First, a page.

When I was but an ickle lad, and my family would camp over Christmas at the beach by the estuary beneath the house of my great-grandparents, I would spend many hours turning over rocks and catching the crabs that I found underneath them. The most common variety I would find was the tiny grey-brown mud crab (Helice crassa), which could be handled easily, but if I managed to turn over one of the really big rocks then I would be able to find the larger purple shore crabs (Leptograpsus variegatus), which required a more careful approach lest they inflict great pain. One thing I didn't know at the time about either animal, however, was that they were both members of the superfamily Grapsoidea.
Grapsoidea is a grouping of crabs including at least seven families. The classification of Grapsoidea is currently undergoing something of a revision, and has shifted about a little in recent years. While most grapsoids were once included in the single family Grapsidae, the recognition of the latter as paraphyletic to the Gecarcinidae has lead to the elevation of the various prior subfamilies of Grapsidae to separate families. The family Glyptograpsidae was only established in 2002 (Schubart et al., 2002), while the genus Xenograpsus was moved into its own family within the past year (Ng et al., 2007). Other families in the group are Sesarmidae, Varunidae and Plagusiidae. The majority of grapsoids are found on the shoreline, but some (such as the Chinese mitten crab Eriocheir sinensis) move into fresh water. At least one genus, Planes (Grapsidae), is pelagic, while Xenograpsus has been found to depths of 270 m (McLay, 2007). Xenograpsus is found in association with hydrothermal vents, and populations of X. testudinatus living on sulphur vents near Taiwan make their living by feeding on the rain of dead zooplankton killed by toxic discharges from the vents (Ng et al., 2007).
Some members of the Gecarcinidae live their adult lives terrestrially as adults on tropical islands. Nevertheless, all grapsoids (as far as I can tell) retain the ancestral state of marine planktonic larvae, so all terrestrial gecarcinids must return to the coast to spawn. The Christmas Island red crab, Gecarcoidea natalis has become renowned for the vast numbers that can be seen in its mass migrations, as the entire island's population of crabs (more than 40 million when estimated in 1995 - Adamczewska & Morris, 2001) moves down to the coast over the course of a week or so. Tragically, recent years have seen a population explosion on Christmas Island of the introduced yellow crazy ant* (Anoplolepis gracilipes), which was estimated to have killed off some 15 million-plus crabs by 2003 (O'Dowd et al., 2003), and has essentially eliminated crab populations wherever it has established colonies. Foraging crabs are attacked in large numbers by crazy ants defending their nests, and poisoned with large amounts of formic acid. Crazy ants will also occupy crab burrows, removing their former inhabitants with extreme prejudice. Not only are resident crabs killed, but crabs migrating from elsewhere have been destroyed as they crossed crazy ant-infested locations on their way to the coast. Where red crabs have been eliminated, the forest vegetation structure has begun to change significantly, as seedlings that would have once been grazed by crabs are able to establish a dense undergrowth.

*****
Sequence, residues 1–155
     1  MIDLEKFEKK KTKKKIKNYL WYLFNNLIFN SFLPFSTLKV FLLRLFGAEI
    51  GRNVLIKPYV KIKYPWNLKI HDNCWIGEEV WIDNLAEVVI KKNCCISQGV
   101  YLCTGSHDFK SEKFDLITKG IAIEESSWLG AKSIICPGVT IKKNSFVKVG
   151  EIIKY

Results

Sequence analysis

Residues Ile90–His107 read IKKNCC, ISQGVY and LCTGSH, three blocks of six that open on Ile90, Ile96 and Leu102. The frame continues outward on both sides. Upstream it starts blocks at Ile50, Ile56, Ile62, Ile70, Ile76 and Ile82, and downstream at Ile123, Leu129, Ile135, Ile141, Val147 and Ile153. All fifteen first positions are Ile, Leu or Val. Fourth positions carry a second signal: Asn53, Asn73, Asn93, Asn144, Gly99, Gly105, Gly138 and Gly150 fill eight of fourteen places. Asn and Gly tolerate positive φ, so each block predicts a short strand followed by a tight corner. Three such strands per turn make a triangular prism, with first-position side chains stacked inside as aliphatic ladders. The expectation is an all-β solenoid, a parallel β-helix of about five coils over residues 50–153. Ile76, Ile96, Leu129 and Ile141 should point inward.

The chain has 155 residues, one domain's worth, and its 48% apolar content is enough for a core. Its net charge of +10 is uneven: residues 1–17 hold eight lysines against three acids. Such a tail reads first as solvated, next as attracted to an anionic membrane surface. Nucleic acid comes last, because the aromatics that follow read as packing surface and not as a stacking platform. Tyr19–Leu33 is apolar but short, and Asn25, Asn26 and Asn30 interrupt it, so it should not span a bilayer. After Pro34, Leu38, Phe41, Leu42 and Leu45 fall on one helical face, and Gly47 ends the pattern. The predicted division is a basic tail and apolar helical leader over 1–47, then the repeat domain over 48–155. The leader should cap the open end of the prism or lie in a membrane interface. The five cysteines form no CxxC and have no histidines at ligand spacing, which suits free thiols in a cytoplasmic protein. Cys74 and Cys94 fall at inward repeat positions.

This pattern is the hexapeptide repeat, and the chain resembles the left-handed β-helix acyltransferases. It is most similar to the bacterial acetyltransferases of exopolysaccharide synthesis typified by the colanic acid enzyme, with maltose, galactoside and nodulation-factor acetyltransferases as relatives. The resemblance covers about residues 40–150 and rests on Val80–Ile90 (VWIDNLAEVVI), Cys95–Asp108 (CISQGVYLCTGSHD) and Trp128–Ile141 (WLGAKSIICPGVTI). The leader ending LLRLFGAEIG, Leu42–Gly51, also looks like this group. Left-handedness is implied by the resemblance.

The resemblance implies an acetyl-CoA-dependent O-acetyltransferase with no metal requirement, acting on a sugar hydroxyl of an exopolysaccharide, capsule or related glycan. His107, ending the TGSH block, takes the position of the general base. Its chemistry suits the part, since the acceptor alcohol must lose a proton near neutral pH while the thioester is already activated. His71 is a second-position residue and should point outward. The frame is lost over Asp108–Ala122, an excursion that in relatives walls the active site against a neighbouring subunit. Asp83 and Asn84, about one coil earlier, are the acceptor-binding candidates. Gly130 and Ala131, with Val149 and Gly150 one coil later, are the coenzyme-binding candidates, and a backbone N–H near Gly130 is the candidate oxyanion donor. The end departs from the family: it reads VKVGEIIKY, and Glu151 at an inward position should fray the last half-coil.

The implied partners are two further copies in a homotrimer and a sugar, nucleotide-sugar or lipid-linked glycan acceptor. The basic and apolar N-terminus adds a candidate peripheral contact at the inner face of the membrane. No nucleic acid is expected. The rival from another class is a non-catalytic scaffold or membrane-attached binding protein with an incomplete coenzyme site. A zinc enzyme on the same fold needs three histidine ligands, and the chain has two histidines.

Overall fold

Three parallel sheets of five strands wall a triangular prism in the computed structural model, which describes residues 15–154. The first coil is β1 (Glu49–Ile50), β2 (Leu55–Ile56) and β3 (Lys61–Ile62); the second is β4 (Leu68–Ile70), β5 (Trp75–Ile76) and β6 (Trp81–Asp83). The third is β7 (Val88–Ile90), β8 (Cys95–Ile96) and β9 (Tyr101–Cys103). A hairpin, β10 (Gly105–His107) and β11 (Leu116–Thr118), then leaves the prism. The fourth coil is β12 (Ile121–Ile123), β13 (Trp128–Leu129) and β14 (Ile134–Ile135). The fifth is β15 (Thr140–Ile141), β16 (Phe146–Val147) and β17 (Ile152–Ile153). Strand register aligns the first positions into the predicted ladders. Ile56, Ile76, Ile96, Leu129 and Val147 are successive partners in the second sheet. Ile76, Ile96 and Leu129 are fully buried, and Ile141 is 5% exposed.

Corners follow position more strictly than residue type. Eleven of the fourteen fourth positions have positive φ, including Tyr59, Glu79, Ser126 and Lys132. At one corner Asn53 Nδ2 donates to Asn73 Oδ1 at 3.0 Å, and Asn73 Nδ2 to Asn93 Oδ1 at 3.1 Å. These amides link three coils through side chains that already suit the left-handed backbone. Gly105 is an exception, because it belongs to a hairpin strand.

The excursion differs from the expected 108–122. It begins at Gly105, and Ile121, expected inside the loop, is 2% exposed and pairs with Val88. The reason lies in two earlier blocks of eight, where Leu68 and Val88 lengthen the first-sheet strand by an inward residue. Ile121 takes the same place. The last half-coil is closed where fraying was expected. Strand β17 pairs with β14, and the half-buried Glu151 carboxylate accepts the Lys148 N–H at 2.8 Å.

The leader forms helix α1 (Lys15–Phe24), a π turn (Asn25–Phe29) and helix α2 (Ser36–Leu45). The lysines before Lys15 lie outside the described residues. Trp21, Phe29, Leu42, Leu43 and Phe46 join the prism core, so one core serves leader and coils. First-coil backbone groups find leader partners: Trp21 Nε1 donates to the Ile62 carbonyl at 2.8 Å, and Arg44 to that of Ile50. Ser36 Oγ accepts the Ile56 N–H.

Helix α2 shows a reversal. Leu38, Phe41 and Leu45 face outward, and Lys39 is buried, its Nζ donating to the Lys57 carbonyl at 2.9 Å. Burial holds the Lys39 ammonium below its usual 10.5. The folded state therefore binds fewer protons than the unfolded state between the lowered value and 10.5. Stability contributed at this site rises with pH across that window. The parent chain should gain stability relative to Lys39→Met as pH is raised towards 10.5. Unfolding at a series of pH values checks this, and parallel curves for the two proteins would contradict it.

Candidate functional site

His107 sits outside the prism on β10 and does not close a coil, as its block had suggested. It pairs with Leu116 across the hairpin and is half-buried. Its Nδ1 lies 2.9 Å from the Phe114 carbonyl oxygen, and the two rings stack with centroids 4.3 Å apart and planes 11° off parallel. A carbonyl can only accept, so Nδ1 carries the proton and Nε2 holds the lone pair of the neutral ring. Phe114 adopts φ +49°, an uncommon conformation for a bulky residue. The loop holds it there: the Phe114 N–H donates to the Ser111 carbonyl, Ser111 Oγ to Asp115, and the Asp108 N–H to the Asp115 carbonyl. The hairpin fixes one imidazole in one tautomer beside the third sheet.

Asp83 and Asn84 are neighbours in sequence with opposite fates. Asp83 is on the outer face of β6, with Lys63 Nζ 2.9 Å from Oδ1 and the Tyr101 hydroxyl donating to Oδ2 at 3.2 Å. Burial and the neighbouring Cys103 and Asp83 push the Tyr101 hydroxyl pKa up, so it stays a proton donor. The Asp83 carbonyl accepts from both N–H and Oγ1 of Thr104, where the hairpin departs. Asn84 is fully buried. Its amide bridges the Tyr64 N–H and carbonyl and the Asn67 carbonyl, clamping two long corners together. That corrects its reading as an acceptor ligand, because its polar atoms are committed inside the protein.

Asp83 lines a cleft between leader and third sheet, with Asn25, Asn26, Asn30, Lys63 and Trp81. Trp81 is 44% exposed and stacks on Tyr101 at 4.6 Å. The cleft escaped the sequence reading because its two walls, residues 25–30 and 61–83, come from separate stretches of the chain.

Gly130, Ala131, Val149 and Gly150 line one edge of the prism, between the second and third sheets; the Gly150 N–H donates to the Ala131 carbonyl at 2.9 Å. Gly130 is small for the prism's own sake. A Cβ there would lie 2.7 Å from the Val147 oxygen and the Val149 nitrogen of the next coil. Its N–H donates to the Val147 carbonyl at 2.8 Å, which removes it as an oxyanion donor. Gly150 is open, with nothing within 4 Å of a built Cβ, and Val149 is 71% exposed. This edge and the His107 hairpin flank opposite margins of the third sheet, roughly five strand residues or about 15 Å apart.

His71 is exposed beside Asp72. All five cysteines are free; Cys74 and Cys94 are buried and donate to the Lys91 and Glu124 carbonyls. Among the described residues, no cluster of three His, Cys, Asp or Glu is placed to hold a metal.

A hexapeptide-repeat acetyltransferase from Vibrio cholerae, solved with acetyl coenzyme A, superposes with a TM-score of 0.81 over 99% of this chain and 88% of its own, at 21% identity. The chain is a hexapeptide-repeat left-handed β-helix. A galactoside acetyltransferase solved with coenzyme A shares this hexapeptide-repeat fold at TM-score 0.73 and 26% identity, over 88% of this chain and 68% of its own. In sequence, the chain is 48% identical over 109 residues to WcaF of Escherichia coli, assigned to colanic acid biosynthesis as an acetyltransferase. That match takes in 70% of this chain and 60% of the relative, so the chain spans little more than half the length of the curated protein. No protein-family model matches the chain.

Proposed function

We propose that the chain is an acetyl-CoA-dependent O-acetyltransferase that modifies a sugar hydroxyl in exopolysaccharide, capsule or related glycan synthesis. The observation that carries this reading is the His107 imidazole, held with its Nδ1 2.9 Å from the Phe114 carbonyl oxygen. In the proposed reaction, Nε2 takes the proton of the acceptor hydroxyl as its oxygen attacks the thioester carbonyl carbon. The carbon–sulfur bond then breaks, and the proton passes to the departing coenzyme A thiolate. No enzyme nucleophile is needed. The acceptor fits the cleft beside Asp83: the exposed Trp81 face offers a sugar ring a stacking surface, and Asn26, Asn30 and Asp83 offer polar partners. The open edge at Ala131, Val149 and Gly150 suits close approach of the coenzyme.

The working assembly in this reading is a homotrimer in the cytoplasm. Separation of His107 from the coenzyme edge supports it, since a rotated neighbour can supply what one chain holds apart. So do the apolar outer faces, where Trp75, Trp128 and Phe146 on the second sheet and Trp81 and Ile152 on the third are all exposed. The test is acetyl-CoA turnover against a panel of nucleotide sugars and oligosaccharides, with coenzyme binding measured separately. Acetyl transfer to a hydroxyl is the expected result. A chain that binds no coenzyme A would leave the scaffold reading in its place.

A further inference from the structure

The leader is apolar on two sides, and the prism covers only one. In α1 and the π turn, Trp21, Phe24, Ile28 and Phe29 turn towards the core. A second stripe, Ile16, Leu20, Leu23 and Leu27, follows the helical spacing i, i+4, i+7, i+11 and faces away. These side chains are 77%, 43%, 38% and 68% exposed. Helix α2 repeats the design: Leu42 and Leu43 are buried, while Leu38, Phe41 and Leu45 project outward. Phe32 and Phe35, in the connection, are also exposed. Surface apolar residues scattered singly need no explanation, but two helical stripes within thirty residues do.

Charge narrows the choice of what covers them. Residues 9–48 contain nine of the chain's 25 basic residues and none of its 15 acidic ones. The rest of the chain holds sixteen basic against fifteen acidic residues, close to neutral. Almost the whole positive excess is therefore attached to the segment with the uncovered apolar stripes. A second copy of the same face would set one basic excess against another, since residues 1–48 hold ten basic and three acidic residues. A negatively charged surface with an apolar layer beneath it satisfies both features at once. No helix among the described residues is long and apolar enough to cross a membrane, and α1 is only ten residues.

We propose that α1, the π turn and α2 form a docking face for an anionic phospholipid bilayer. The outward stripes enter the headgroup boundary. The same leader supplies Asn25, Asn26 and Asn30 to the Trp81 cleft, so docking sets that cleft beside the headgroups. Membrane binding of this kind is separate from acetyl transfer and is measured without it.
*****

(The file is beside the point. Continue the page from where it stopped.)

*So called because of the seemingly random way in which they wander about when foraging.
The Grapsoidea are closely related to another shore-crab family, the Ocypodoidea, and apparently species included in these two superfamilies were once united (back in the 1800s) under the taxon name Catometopa (Schubart et al., 2006), a name that I think deserves resurrection (just try saying it a couple of times - "Catometopa!"). While it seems to be universally accepted that these two superfamilies form a clade, the molecular phylogenetic analysis of Schubart et al. (2006) indicated that each of the "superfamilies" was polyphyletic within this clade, and recommended that they not be recognised as distinct. So far, I haven't been able to find what are the characters that are supposed to separate the two groups. Davie & Ng (2007) stated that morphological data maintained the monophyly of Grapsoidea, but omitted to cite any details in support of this statement.
Adamczewska, A. M., & S. Morris. 2001. Ecology and behavior of Gecarcoidea natalis, the Christmas Island red crab, during the annual breeding migration. Biological Bulletin 200: 305-320.
Davie, P. J. F., & N. K. Ng. 2007. Two new subfamilies of Varunidae (Crustacea: Brachyura), with description of two new genera. Raffles Bulletin of Zoology Supplement 16: 257-272.
McLay, C. 2007. New crabs from hydrothermal vents of the Kermadec Ridge submarine volcanoes, New Zealand: Gandalfus gen. nov. (Bythograeidae) and Xenograpsus (Varunidae) (Decapoda: Brachyura). Zootaxa 1524: 1-22.
Ng, N. K., P. J. F. Davie, C. D. Schubart & P. K. L. Ng. 2007. Xenograpsidae, a new family of grapsoid crabs (Crustacea: Brachyura) associated with shallow water hydrothermal vents. Raffles Bulletin of Zoology Supplement 16: 233-256.
O'Dowd, D. J., P. T. Green & P. S. Lake. 2003. Invasional 'meltdown' on an oceanic island. Ecology Letters 6 (9): 812-817.
Schubart, C. D., S. Cannicci, M. Vannini & S. Fratini. 2006. Molecular phylogeny of grapsoid crabs (Decapoda, Brachyura) and allies based on two mitochondrial genes and a proposal for refraining from current superfamily classification. Journal of Zoological Systematics and Evolutionary Research 44 (3): 193-199.
Schubart, C. D., J. A. Cuesta & D. L. Felder. 2002. Glyptograpsidae, a new brachyuran family from Central America: larval and adult morphology, and a molecular phylogeny of the Grapsoidea. Journal of Crustacean Biology 22(1): 28-44.